Representatives of Bumble Bee did not respond to a request made by SeafoodSource on 25 July for comment on the company's financial situation.
But according to the Wall Street Journal, the company has hired AlixPartners LLP, investment bank Houlihan Lokey Inc., and law firm Sullivan & Cromwell LLP to assist it with its turnaround effort. AlixPartners is a New York City-based consulting firm that specializes in improving the performance of companies facing financial distress.
Meanwhile, lawyers for the company’s former CEO, Chris Lischewski, who is taking a leave of absence as he fights a separate DOJ case against him alleging his involvement in the price-fixing scheme, have filed a host of requests to limit what is seen by the jury in the case.
The 13 individual motion in limine requests, which seek to exclude certain testimony from being heard during the trial, include:
- Details of the plea agreements between the DOJ and Bumble Bee and StarKist, one of Bumble Bee’s co-conspirators in the price-fixing conspiracy. Lischewski’s lawyers argue that jurors “would infer from Bumble Bee’s corporate plea the guilty of its former chief executive officer, Mr. Lischewski.” Without the ability to cross-examine the party that entered the plea, the defendant “is unable to probe the motivations for entry of the plea,” they argued. “This significantly undercuts the defendant’s right to have a jury’s verdict based only upon evidence that is presented in open court.”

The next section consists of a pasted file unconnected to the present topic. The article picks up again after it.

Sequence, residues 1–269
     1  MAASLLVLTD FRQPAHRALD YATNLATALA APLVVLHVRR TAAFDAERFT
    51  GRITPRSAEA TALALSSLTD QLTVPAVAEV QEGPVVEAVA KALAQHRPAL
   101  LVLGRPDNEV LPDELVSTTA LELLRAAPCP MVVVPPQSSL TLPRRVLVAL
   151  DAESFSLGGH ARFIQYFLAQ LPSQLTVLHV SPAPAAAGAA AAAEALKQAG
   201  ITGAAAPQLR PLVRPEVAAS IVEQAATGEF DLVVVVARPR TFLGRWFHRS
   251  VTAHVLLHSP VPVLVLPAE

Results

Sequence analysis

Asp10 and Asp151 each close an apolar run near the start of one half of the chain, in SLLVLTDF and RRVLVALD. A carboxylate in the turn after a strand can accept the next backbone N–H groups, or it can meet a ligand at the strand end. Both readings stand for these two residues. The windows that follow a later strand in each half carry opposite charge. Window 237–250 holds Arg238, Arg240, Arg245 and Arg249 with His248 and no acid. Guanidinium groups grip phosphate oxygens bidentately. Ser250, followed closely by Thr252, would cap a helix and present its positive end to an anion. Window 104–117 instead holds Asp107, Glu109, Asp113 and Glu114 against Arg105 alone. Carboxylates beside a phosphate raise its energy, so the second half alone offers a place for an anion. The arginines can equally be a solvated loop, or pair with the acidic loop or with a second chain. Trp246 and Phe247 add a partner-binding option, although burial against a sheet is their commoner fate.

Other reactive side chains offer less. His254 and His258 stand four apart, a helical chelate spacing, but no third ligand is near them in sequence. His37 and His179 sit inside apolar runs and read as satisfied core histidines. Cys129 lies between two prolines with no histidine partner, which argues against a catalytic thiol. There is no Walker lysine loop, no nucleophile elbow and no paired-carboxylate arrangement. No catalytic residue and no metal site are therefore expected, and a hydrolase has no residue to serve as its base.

- Any information about the Tuna the Wonderfish marketing campaign, launched jointly by Bumble Bee, StarKist, and co-conspirator Chicken of the Sea, or about Bumble Bee’s co-packing arrangement with Chicken of the Sea. “The co-packing arrangement promotes increased efficiency in the packaging of canned tuna, and is fully compliant with antitrust laws,” Lischewski’s lawyers wrote. “Certainly, it will be much more difficult for the government to convince the jury that a price-fixing agreement was reached through a series of phone calls involving different co-conspirators, where none of the phone calls involved all three companies, rather than through unequivocal, well-document, and legal business arrangements, such as the Tuna the Wonderfish campaign and co-packing arrangements.”